Monaco may not play to our strengths – Lotus

F1 Fanatic round-up

Kimi Raikkonen, Lotus, Barcelona, 2012In the round-up: Lotus technical director James Allison says that, on paper, the E20 is not well-suited to the streets of Monaco.

Links

Top F1 links from the past 24 hours:

James Allison: ??I?m really very happy that our drivers are breathing right down one another?s necks!?? (Lotus)

“If you take Barcelona, we were really very strong in the first two sectors; which are more of the sweeping parts of the track, and less good relatively in the third sector, which is the slower, twister part. Perhaps if we look back, of the five races we?ve done so far, the race where we were least impressive was China and that?s a track with relatively few sweeping corners and lots of lower speed traction events. So there is a train of thought that Monaco might not play to the strengths of our car.”

HRT plays down leapfrogging Marussia (Autosport)

Luiz Perez-Sala: “They are more competitive than us. They have done a good job and I think short term we have many things to focus on in the building of the team.”

Formula One must get to grips with the tyre issue (The Guardian)

“F1 does not appear to need this artificiality to bring the teams closer together. There is real evidence to suggest that the cars are genuinely close, especially with the loss of exhaust-related downforce, a feature around which Red Bull built their championship-winning car in 2010 and 2011.”

Conor Daly via Twitter

“Watching 1982 Monaco GP. What a crazy race! My Dad did the last two laps with no rear wing I had no idea. He came within half lap of winning.”

Angry Birds Heikki release to build on brand’s F1 sponsorship (T3)

“Formula 1 racing driver Heikki Kovalainen is to be immortalised in Angry Birds lore with a new Angry Birds Heikki release set for June 18th.”

Jacques Villeneuve drives Ferrari 312T4 at Fiorano (F1 Fanatic via YouTube)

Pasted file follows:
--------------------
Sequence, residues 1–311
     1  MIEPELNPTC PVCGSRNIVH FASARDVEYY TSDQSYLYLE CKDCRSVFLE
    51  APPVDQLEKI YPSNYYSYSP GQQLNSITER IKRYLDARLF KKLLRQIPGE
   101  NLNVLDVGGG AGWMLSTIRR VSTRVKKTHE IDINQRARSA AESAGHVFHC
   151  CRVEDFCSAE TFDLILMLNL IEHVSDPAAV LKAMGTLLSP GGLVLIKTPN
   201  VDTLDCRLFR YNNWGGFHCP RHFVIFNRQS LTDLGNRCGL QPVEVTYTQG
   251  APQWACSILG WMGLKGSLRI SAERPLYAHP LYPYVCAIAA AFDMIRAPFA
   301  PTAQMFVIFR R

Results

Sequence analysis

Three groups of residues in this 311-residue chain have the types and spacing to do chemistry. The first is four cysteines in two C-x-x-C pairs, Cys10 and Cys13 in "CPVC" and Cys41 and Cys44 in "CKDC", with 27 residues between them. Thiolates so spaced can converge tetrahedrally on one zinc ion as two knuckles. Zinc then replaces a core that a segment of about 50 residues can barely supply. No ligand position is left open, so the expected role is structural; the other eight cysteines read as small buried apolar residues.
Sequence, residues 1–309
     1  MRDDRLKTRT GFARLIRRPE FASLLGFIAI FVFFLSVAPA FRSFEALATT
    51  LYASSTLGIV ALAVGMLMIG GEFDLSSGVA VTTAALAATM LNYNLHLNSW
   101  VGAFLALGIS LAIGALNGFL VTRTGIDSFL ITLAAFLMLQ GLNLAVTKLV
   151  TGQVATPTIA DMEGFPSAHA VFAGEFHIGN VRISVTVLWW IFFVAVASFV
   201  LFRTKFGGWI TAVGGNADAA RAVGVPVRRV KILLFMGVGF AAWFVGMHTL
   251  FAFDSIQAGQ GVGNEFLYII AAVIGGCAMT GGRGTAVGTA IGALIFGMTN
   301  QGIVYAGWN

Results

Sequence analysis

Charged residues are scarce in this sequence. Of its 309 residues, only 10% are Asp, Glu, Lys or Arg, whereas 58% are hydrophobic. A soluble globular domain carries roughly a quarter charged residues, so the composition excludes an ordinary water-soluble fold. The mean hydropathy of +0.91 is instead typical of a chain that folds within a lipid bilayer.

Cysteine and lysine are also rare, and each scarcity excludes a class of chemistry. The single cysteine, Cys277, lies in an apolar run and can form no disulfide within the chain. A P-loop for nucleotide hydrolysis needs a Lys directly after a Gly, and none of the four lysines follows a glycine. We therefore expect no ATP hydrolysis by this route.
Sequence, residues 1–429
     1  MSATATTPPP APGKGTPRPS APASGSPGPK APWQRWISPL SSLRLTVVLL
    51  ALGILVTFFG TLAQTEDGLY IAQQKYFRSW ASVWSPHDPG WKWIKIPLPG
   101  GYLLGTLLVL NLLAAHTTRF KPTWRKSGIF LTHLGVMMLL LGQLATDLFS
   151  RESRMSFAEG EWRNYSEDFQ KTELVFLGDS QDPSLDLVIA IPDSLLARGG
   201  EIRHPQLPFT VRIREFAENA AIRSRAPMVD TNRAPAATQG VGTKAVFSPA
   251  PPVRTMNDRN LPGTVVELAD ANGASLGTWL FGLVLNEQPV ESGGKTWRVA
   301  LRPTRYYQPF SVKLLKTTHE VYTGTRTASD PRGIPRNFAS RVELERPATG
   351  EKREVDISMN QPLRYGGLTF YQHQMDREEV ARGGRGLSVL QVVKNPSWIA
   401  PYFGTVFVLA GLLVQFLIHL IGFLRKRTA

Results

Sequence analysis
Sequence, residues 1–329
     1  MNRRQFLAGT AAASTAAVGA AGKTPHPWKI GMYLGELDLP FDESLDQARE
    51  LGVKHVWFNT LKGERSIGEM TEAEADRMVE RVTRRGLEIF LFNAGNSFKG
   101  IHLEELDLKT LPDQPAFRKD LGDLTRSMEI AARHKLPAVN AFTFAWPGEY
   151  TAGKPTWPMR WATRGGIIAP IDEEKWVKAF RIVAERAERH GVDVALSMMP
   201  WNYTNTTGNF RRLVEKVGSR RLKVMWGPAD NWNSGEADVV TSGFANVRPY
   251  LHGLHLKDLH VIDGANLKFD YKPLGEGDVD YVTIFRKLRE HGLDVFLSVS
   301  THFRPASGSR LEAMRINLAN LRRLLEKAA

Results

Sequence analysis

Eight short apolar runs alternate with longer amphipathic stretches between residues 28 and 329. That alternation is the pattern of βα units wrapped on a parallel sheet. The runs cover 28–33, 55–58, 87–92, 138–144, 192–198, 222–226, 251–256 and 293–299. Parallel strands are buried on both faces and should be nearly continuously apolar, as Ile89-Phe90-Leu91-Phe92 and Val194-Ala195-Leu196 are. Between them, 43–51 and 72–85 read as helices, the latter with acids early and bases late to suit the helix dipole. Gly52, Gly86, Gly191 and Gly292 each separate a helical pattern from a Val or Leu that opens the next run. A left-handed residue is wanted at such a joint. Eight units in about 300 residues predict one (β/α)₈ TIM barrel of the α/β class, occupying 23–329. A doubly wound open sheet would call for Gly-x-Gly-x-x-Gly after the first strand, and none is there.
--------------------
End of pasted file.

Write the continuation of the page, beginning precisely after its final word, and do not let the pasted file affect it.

Comment of the day

A late addition to Stats and Facts from Andrew81:

I’ve just unearthed another stat from this unusual Grand Prix. Maldonado ended another victory drought, that of the number 18, which hadn’t won since Peter Gethin triumphed in the the fantastic Italian Grand Prix of 1971. This was actually the longest victory drought of any number used in F1 today. That record now lies with the number 21, which has only Jackie Stewart’s victory in Argentina 1972 to its name (back when drivers changed numbers during the year).
Andrew81

From the forum

Happy birthday!

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On this day in F1

The non-championship Syracuse Grand Prix was run as an F1 race for the last time 45 years ago today.

Just 12 cars were entered for the race and four of these were withdrawn. The finish was declared a dead heat by Ferrari drivers Mike Parkes and Ludovico Scarfiotti.

They shared first place with Jo Siffert third in a Rob Walker-run Cooper, two laps down.

Image ?? Lotus F1 Team/LAT

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38 comments on Monaco may not play to our strengths – Lotus

  1. ivz (@ivz) said on 21st May 2012, 0:16

    What are the chances we will have 6 different winners in 6 races? I guess Hamilton is in with a good chance if he can get a stable set up. We be unreal if Kobayashi or Perez win!

    • damonsmedley (@damonsmedley) said on 21st May 2012, 8:03

      Webber, Raikkonen, Grosjean, Hamilton, Schumacher — they all have potentially race winning cars — and then we have the possibility of another surprise from Sauber or Williams. We could seriously have 10 winners by the end of the year!

      • Alex White (@alex-white) said on 21st May 2012, 10:24

        Out of all of those drivers you have to say that Hamilton has the best chance to win in Monaco. With Lotus’ downplaying their chances for Monaco I doubt they will be anywhere near as fast as they have been recently :)

        • Julian (@julian) said on 21st May 2012, 10:35

          Hamilton or webber is the safest bet in my books. Webber has always done well at Monaco and Hamilton is well overdue for a win.
          The Renaults will be the dark horses.

        • Out of all the DRIVERS you would say Hamilton has the best chance, but lets not forget he has his McLaren team on hand to mess it up for him :]

          • javlinsharp (@javlinsharp) said on 21st May 2012, 17:33

            Agreed, at this point I wount be suprised if the mechanics where to stab Lewis in the face at his next race pitstop; you know, just for the sake of consistancy and relentless progress.

    • Drop Valencia! said on 21st May 2012, 11:26

      We’ve already had 7 from 7 if you count last year!

  2. Fer no.65 (@fer-no65) said on 21st May 2012, 0:16

    Woah, @Andrew81 ! Nice stat… !

    I’d love to see how many wins each number has… I think I read somewhere that number 5 is the one with most wins, behind, obviously, number 1.